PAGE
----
Here I have peppers for the salsa and maybe for my next batch of scrambled eggs, the tote filled with squash, zucchini and various herbs and onions and garlic. I have family in Gilroy (the garlic capital of the world) so I’m rarely without garlic. It’s a nice edition to salsa, good to throw in salads, pasta dishes and great roasted with potatoes.  The zucchini is incredibly cheap right now, about 50 cents a pound for the bulk pack. About half will be sliced, frozen and bagged. I like to make individual servings in the freezer so they’re super easy to pull out, steam and have for dinner.The big bunch of rosemary, lemon something and a bunch of other herbs are things I have no idea what to do with. Honestly, I asked for rosemary and the vendor just kept adding stuff to my bag. All for $1. Crazy. But it’s in a little cup of water so it stays fresh until I can ask my grandma what to do with it.

I picked up those peppers at the farmer’s market this morning. 20 peppers for $1 and so many varieties. I have no idea what most of them are I just remember the “really hot” ones so I don’t attempt to eat those plain.  Again, adding peppers, garlic and onion to the next batch of salsa and other dishes. Yes, they’re in a corn on the cob holder but I ran out of dishes!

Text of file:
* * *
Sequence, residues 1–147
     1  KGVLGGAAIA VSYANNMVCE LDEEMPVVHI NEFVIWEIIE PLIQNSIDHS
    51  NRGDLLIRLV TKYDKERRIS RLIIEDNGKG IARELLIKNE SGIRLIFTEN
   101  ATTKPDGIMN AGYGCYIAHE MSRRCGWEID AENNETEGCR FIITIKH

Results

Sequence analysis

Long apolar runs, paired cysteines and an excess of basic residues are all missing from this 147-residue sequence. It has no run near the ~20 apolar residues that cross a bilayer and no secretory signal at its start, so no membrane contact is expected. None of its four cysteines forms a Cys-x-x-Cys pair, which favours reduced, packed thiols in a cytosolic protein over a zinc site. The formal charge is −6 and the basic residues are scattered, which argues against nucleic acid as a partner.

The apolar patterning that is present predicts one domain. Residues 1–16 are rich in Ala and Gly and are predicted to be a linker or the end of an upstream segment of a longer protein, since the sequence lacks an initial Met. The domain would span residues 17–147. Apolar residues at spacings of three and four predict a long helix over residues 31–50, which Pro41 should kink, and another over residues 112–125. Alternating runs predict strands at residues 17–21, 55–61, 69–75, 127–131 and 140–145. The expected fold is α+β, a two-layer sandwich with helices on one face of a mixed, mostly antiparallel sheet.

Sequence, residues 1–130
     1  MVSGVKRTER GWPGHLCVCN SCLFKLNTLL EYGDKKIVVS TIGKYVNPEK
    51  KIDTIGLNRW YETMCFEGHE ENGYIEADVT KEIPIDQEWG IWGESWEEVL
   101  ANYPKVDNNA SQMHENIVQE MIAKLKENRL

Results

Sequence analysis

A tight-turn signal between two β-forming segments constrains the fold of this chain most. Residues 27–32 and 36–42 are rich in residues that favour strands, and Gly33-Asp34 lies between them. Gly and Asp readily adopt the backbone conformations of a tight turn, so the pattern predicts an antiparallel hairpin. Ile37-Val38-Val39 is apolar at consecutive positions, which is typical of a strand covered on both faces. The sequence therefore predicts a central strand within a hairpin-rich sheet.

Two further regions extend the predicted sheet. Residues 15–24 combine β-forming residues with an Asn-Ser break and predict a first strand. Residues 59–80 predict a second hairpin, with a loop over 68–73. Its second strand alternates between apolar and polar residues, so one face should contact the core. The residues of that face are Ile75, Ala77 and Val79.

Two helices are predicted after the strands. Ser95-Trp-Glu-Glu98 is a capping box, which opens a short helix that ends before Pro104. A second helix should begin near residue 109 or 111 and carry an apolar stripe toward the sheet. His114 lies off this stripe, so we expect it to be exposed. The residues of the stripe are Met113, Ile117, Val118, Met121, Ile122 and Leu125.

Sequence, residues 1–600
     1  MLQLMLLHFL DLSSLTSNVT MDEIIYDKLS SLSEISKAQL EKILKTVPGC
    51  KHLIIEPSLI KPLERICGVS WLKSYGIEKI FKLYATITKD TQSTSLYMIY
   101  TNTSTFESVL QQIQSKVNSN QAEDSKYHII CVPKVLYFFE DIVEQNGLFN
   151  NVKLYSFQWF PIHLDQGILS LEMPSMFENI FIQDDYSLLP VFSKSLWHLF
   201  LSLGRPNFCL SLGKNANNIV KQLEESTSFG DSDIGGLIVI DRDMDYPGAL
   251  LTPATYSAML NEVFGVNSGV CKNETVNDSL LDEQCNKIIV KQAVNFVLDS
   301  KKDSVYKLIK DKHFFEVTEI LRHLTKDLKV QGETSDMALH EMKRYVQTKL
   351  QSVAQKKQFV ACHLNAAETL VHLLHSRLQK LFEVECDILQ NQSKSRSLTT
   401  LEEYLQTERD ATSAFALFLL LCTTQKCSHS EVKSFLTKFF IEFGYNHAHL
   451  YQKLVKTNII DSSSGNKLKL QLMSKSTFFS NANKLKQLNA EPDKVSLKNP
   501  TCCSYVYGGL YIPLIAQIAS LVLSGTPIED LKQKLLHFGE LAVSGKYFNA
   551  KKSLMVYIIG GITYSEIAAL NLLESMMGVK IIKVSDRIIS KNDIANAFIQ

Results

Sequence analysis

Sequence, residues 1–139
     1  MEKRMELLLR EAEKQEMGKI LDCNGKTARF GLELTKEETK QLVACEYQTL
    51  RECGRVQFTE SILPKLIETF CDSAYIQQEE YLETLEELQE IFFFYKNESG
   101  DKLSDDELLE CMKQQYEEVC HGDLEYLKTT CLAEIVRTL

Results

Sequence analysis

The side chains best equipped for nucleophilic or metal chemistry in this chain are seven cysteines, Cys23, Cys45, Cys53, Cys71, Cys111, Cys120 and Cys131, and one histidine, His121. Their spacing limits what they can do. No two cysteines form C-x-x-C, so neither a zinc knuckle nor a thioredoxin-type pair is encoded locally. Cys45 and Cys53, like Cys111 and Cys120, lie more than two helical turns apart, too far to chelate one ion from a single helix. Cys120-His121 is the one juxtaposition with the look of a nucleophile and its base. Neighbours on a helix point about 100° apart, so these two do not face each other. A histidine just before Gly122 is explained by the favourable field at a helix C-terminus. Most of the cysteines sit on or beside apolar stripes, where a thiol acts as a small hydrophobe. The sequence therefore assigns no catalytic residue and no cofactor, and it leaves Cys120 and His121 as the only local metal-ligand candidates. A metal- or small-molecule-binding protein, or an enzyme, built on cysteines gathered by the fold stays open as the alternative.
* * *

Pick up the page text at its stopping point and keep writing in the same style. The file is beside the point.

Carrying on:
Here I’ve got the last of my peaches, really ripe plums and nectarines.  My grandparents said they’d be bringing more peaches, figs, avocados and lemons tomorrow so I’ve got to throw some of these into a smoothie.  I just visited my grandparents a few weeks ago and while I was able to share the figs and avocados, freeze lots of peaches and make a LOT of lemon slushies, I can’t turn down their produce. It’s impossible. In fact, here’s a picture of my grandma, who just turned 90, using a crazy long tool thingy to get avocados from their tree.

What kinds of foods do you like in the summer?